Not long ago, Gap sparked a social-media firestorm when it quietly unveiled a redesigned logo. People not only disliked the bargain-basement aesthetic—they hated it. And, writes Umair Haque at Harvard Business Review, for good reason: “The new logo reeks of something designed not just by committee,” he says, “but by a committee of bean counters who don’t have a creative bone in their body, a suite full of suits who just might be missing the empathic, intuitive right hemisphere of the brain entirely.”
It’s a harsh appraisal, certainly, but any business may be similarly judged if it lets the importance of good design slip off its radar. “Most companies see design as a superficial afterthought on which a few pennies are spent if there are a few bucks left in the budget,” he explains. “For most boardrooms, design’s never counted less, but the truth, I’d venture to guess, is that design’s never counted more.”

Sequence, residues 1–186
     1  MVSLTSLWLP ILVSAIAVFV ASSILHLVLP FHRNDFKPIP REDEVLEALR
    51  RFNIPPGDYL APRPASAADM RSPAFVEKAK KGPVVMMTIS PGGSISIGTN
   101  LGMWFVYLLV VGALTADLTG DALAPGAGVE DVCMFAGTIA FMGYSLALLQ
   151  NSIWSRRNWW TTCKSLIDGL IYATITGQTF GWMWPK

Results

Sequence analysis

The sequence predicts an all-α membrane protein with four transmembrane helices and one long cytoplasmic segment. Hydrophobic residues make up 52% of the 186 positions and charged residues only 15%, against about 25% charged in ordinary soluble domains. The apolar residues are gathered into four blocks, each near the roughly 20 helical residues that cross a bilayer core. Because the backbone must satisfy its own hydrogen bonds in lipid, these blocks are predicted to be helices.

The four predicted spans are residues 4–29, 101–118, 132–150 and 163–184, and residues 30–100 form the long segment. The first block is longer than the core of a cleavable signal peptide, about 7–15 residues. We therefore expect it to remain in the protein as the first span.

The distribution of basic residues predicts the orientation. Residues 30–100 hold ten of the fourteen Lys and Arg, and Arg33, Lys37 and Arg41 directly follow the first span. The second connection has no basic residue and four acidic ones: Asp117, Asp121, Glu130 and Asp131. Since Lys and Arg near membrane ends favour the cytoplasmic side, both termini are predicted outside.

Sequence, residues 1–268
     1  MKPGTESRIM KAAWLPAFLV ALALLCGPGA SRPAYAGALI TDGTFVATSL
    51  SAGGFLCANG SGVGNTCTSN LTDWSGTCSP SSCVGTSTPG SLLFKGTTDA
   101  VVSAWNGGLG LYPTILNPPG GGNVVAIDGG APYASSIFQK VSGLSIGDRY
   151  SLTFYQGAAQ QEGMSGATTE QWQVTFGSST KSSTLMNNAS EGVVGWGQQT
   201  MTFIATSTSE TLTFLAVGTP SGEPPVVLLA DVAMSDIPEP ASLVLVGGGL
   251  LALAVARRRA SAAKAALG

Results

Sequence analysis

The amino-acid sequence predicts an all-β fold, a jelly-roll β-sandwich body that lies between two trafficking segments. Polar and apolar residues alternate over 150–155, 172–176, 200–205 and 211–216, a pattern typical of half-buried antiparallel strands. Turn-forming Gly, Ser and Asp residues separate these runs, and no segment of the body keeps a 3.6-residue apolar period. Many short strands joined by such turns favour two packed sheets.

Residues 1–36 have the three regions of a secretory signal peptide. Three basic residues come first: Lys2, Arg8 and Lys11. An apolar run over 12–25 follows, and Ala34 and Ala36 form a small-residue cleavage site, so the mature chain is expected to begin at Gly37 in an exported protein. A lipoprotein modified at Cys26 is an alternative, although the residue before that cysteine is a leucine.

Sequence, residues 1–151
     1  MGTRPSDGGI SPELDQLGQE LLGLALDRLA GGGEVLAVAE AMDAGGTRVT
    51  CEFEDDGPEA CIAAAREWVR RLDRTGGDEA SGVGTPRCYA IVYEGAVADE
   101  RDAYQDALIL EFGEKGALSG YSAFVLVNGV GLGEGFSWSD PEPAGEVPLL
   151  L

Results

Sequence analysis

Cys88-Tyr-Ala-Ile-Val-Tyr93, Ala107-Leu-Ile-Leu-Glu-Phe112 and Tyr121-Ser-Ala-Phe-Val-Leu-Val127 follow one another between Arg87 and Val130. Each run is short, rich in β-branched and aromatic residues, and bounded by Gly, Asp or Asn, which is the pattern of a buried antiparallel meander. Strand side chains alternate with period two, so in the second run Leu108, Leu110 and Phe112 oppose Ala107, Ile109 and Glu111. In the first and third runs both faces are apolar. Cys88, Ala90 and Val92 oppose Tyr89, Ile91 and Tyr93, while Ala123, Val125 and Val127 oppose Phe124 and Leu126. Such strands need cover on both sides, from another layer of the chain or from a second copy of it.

So how can you achieve a cost-effective balance between right- and left-brained priorities? Haque suggests asking questions like these:
- How frequently does your company’s leadership solicit input from its designers?
- Are designers invited to help shape business decisions and future plans?
Finally, Haque poses this question: “How much weight does senior management give to right-brained ideas, like delight, amazement, intuition, and joy? Just a little, a lot—or, as for most companies, almost none?”
It might be difficult to quantify the ROI on good design, but the public’s reaction to the Gap logo tells you it matters. “In the 21st century,” argues Haque, “creating enduring advantage is going to require organizations that have a whole brain—not just half of one.”
Source: Harvard Business Review.